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enduring loyalty or unite the diverse desires of different sections. Under the apathy that ensued after this bitter experience the Manchus very prudently encouraged reconstruction by appointing Chinese officials chosen according to the ancient tests throughout the empire, and China returned sensibly though sullenly to her age-old life of toil under her new masters. Ten years before this date Dorgun the Regent had died, leaving Shunchi to direct the imperial policy in person at the age of twelve. We do not hear much of his intellectual endowments, but he had been nurtured in a household of sturdy kinsmen and he must have matured early to have employed his talents successfully at this age. He did in 1661 in his twenty-fourth year, leaving the empire to a son eight years old whose reign name Kanghsi is one of the most brilliant in Chinese history.
The Manchus were not ungrateful to the Chinese generals who had enabled them to win an empire. Wu Sankwei, whose pursuit of the Kwei Wang had completed the crowning performance of that great conquest, was given the title of prince and made absolute lord of the two provinces of Yunnan and Kweichow, with his own army and entire control of the civil appointments and revenues of the territory. Two other generals, both Liaotung men, were in like manner created princes of the maritime provinces of Kwangtung and Fuhkien, from which, as from Wu's domain, all the Manchu soldiery was withdrawn. Judged by the event this method of rewarding their services seems imprudent, but amid the multitude of traitors that must have made China appear to these Tartars as infected with perjury, these men had resisted the temptations to which others had succumbed and remained loyal to the end. Their honors were awarded in proportion to the magnitude of their efforts. But Prince Wu, either because he wearied of his sovereign state in a remote province, or because he was apprehensive of the imperial plans to reduce his army, after accumulating stores and revenues revolted in 1674, soon after the young Kanghsi had assumed control of the government. With him arose also the Prince Kung of Fuhkien;
and in a few weeks the empire was once more ablaze with insurrection, officials everywhere surrendering their cities and the people gladly removing their queues. Six provinces turned against their Manchu masters; a seventh, Kwangtung, remained neutral because its old Prince, Shang Ko-si was loyal, but his son Chu-sin, a drunkard, accepted the title of Great Commander from Wu, assumed the old Chinese headdress and made his aged father a prisoner. The latter died in 1676, and Chu-sin, rather alarmed at Wu's attitude toward him, made his peace with Kanghsi. The other rebel prince (of Fuhkien) after some serious fighting, was pardoned and re-employed by the Manchus in 1677, but was subsequently executed in Peking, a fitting end for his cruelty and crimes. The defection of these coast provinces, though badly led, was heartily endorsed by their inhabitants whose hatred of the Manchus has never much abated, and a considerable Manchu army had to be employed in bringing them to order. Wu San-kwei raged up and down the western provinces, where his armies at one time had possession of Shensi and even threatened Peking. So long as he lived there seemed to be a magic in the old warrior's name that paralyzed the troops brought against him. All his campaigning was carried on in the enemy's country, and though he was presently driven out of Shensi and the two Kwang, he died holding his own in Hunan, while none dared to attack his base in the southwest. During four years this indefatigable fighter had wrenched nearly half of China from Manchu control and maintained his upstart government upon the resources of the least productive portion of the empire. Kanghsi, who inherited the physical vigor of his great ancestors, was with difficulty dissuaded from taking charge of the campaign against this formidable rival in person. His counsellors were probably justified in their fears of losing Peking in an émeute if he left the capital, but his resolution in the crisis and the resources at his command-chiefly in the better fighting qualities of the Mongols and northern Chinese troops-eventually achieved a hard-earned victory over all his foes in 1681. Wu had succumbed to an illness in 1678; his grandson and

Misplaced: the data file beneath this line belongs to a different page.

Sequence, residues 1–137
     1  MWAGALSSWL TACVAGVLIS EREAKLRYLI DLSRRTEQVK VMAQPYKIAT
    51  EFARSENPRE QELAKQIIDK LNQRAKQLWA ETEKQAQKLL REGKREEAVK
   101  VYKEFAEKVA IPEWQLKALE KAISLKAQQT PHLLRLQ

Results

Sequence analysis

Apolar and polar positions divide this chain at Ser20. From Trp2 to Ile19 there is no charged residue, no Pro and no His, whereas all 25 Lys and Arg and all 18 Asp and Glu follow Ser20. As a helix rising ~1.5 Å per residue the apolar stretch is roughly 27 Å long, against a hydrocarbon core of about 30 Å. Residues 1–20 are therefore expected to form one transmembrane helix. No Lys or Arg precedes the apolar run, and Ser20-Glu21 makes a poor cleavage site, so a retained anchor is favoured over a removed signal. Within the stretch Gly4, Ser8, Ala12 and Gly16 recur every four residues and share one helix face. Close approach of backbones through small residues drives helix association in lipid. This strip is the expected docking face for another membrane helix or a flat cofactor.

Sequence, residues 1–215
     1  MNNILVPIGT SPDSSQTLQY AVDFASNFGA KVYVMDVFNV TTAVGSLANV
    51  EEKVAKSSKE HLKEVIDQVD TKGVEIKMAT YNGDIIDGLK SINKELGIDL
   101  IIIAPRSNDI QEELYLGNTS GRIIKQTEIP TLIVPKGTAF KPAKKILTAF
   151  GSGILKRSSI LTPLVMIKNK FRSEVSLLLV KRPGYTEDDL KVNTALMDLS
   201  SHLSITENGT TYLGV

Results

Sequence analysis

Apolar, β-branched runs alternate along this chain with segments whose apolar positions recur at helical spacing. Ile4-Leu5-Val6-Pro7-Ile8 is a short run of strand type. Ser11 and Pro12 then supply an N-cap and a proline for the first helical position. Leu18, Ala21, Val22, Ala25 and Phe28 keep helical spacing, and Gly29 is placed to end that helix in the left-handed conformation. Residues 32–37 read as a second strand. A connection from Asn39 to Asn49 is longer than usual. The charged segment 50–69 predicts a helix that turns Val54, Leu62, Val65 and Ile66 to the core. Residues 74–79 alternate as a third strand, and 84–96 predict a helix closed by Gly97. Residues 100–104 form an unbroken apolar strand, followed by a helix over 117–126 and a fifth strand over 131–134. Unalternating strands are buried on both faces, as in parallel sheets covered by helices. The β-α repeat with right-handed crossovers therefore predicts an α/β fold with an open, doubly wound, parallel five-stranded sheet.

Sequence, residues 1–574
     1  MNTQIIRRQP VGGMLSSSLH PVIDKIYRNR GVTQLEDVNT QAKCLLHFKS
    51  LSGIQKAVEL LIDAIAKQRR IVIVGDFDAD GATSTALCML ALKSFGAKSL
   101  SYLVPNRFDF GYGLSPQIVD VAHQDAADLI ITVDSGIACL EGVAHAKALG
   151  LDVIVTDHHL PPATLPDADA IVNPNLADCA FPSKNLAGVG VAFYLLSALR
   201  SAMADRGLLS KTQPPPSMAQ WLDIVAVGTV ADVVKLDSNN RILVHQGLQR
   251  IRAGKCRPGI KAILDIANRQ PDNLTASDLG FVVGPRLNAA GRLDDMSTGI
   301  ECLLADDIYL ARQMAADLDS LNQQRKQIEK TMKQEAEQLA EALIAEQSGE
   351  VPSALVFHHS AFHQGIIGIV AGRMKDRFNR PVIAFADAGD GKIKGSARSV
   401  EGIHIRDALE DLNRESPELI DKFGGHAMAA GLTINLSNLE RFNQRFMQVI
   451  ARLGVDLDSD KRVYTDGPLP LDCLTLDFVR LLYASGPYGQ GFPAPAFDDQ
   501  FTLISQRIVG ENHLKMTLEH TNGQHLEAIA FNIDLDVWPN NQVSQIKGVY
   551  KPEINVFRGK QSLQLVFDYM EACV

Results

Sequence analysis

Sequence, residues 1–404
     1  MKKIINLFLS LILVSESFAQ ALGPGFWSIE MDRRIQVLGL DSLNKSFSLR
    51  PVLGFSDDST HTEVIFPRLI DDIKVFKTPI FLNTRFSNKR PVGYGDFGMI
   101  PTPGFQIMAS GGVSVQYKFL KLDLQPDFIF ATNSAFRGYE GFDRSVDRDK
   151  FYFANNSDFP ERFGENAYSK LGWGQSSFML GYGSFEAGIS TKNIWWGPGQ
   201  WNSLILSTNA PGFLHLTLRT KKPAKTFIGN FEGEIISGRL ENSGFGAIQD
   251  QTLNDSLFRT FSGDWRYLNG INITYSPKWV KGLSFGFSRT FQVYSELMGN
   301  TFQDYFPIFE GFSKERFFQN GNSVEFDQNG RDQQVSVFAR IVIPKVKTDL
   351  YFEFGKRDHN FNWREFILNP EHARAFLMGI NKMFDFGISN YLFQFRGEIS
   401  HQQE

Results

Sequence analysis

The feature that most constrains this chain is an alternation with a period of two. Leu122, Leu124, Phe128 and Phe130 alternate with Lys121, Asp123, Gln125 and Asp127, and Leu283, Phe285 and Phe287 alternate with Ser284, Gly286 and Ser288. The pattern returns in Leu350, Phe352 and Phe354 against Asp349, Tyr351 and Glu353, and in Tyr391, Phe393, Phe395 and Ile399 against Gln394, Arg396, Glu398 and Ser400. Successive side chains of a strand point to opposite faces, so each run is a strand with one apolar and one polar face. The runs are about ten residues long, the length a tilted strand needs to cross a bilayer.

successor, Shu-fan, was beheaded upon the fall of his capital Yunnan, and his head hung upon one of the city gates of Peking. The rebellion had failed, and the emperor could congratulate himself that he had accomplished what was necessary for establishing his autocracy, the disarming of the vassal princes. So long as they retained their hereditary powers the Manchu was little more than the feudal suzerain of China. Their revolt was a declaration of the right of the Chinese to rule themselves, and in this sense these eight years were the concluding act in the bloody drama begun in 1644. To insure the future Kanghsi abolished the title of Wang except as bestowed upon members of the imperial clan, nor was it made hereditary even amongst these.